Downtown upgrade plans broaden
Anyone who spends much time in downtown Prineville has likely noticed a few businesses sporting new storefronts.
Some added a fresh coat of paint to the building exterior, while others updated the signage.
This work was made possible by a grant program the City of Prineville launched as part of its downtown revitalization effort.
So far, upgrades have focused primarily on creating more inviting and eye-catching storefronts that hook tourists passing through town, but that could soon change as local leaders examine new ways to improve the downtown area.
The revitalization effort was spurred in large part by an assessment Michele Reeves of Civilis Consultants conducted in 2014. Hired by city leaders to examine downtown Prineville and find ways to improve business and tourism, she spent two days in the community, capping her visit with a public presentation of her findings to local business owners and city leaders.
One of her main critiques was downtown storefronts needed updated paint jobs, signage and other improvements to entice more tourist interest. Acting on that advice, the city launched a grant program through which businesses could apply for reimbursement for façade improvements. The city agreed to match 50 percent of the grant funds for projects up to $2,500. Ten local businesses have taken advantage of the program in the past two years.
More recently, in late 2017, the Downtown Strategic Planning Committee created a Third Street Development Plan that called for multiple upgrades to sidewalks on both sides of the road from the west "Y" to as far east as Elm Street and possibly beyond.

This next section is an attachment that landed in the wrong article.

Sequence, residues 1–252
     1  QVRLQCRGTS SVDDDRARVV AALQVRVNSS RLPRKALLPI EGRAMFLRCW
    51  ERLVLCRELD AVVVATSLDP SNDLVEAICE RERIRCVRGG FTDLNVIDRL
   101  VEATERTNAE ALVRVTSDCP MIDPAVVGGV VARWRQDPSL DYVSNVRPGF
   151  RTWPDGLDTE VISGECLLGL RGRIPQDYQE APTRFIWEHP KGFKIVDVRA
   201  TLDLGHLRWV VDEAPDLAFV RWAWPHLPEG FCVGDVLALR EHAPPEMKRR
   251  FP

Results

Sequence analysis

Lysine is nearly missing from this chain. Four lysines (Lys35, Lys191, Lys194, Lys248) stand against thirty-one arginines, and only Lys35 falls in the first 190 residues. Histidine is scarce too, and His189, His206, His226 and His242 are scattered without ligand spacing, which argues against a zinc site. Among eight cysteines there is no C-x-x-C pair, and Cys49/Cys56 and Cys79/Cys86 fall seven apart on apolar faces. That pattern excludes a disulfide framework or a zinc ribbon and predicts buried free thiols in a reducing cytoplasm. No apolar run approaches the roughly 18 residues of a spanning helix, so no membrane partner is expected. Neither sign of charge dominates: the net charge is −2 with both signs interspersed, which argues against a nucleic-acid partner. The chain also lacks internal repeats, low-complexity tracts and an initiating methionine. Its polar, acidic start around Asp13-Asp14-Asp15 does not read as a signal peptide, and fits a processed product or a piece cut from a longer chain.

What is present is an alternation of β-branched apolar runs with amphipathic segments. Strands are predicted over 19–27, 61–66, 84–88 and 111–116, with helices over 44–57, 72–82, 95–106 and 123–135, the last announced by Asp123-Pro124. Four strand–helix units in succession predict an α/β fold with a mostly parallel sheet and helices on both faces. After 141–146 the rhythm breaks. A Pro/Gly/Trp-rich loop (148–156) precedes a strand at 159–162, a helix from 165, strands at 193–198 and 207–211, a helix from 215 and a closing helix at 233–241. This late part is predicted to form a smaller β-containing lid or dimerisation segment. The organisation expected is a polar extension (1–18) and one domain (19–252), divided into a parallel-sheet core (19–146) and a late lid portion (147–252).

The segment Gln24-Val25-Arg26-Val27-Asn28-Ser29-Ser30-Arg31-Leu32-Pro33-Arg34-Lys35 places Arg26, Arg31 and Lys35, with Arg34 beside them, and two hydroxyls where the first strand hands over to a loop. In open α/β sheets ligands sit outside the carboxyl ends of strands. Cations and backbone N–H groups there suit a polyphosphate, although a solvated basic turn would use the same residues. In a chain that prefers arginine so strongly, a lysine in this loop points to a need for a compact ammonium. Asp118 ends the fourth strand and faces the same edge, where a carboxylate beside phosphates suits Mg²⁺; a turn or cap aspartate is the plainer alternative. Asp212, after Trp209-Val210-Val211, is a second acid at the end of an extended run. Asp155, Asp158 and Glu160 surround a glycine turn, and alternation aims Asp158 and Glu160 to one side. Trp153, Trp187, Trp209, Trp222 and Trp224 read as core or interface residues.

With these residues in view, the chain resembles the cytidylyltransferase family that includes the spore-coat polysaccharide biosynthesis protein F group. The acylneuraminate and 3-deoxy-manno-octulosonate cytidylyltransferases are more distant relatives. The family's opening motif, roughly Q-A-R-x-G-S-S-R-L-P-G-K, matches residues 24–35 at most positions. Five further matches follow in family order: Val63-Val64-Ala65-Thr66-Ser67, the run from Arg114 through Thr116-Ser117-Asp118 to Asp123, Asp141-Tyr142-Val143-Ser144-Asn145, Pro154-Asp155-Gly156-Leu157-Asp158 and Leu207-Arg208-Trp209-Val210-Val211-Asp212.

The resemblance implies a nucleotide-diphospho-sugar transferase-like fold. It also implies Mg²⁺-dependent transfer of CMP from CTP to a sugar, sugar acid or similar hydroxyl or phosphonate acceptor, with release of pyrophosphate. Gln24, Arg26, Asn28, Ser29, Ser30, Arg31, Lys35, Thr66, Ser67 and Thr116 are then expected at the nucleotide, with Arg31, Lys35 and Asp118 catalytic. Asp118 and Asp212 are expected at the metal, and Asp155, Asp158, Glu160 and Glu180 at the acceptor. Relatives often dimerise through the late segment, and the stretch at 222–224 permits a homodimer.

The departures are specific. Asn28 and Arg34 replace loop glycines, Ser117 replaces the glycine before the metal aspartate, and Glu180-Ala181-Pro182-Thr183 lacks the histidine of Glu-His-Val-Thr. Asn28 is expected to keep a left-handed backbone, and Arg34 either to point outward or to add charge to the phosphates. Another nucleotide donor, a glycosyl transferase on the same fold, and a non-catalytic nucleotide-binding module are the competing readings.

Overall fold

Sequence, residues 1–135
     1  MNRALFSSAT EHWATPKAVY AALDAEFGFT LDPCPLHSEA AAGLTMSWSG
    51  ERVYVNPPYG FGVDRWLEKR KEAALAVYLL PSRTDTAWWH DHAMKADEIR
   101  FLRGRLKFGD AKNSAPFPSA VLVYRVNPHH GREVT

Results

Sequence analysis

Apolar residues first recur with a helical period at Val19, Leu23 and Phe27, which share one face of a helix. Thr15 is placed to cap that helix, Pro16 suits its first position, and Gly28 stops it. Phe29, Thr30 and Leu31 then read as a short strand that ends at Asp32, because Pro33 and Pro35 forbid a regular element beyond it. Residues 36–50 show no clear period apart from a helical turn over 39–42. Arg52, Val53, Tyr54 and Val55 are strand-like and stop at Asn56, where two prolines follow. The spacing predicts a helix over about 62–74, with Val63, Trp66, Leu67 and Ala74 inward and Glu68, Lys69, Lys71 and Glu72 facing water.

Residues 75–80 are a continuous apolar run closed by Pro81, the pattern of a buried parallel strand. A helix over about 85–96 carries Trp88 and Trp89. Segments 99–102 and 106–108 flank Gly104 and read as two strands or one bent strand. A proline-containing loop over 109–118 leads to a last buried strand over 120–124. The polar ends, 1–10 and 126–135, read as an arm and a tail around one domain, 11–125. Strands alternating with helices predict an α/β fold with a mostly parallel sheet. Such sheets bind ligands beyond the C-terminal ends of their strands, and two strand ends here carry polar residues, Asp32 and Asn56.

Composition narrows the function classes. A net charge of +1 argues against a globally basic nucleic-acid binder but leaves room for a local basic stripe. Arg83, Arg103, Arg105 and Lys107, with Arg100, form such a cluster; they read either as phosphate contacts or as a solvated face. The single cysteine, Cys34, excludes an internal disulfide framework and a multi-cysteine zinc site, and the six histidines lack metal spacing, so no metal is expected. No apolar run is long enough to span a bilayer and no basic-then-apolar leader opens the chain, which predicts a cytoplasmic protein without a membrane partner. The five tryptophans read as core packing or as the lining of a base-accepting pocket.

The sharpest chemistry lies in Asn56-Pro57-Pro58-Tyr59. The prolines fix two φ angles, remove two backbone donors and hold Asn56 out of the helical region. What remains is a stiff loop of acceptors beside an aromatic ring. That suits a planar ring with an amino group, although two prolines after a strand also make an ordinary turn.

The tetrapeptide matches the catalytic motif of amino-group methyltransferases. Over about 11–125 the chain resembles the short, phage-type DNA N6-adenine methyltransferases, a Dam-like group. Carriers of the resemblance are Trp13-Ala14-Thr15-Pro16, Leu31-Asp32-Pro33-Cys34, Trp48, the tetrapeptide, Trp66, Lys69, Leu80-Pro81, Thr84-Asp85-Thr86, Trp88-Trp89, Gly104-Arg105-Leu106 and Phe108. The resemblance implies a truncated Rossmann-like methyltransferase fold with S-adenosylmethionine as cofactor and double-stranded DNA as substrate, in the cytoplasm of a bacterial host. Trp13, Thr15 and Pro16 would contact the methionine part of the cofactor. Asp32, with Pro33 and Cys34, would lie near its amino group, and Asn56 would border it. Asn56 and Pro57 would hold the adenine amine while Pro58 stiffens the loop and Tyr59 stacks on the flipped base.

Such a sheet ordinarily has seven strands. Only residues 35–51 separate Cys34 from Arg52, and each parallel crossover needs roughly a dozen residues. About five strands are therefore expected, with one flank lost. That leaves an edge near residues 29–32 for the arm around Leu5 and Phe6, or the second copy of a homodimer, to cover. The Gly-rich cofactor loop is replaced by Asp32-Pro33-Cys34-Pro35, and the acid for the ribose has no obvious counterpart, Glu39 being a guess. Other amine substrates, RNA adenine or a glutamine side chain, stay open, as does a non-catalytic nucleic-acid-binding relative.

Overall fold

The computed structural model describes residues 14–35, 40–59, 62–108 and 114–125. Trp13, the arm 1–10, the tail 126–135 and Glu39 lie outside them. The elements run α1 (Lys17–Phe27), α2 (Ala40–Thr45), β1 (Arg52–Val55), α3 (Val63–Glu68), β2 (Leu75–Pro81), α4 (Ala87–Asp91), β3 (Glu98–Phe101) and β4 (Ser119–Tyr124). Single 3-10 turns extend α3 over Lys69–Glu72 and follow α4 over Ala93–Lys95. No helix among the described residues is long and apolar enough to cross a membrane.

Possible improvements include installation of artwork, bicycle racks, trees and bushes, seating and new trash cans.
Now, with those plans in motion, city planning leaders are teaming up with Central Oregon Intergovernmental Council (COIC) and the Prineville-Crook County Chamber of Commerce to expand on the downtown improvement effort.
"COIC came to us early in the year and said they had some grant money," said City Planning Director Josh Smith. He went on to explain that the organization had no particular project in mind for the $10,000 grant, but felt the city could use it for something worthwhile.
After brainstorming different uses, Smith and other city leaders determined that downtown revitalization best fit what COIC had in mind. More specifically, they wanted to bring Reeves back to Prineville for an encore downtown assessment.
"It has been two years (since the façade improvements began), there has been a lot of activity, let's bring her back," Smith said.
The COIC grant will cover half of the $20,000 necessary to hire Reeves. The city will pull $5,000 from its downtown strategic planning budget, and the Chamber will cover the remaining $5,000.
This time, the assessment will take a broader look at Prineville's downtown core. Smith said it will focus more on long-term projects and functionality as well as strategies for property acquisition to improve biking and pedestrian access.
Reeves will come to town next week and will conduct her assessment during a five-day span. She will review and document opportunities for public space, public art, pocket parks and streetscape improvements, review façade improvement projects, identify underutilized properties, and look at traffic flow, parking and pedestrian flow.
Reeves will follow up the assessment with a written final report that will outline opportunities, challenges and best practices and strategies for downtown Prineville. The report is scheduled to be completed and released before the end of the calendar year.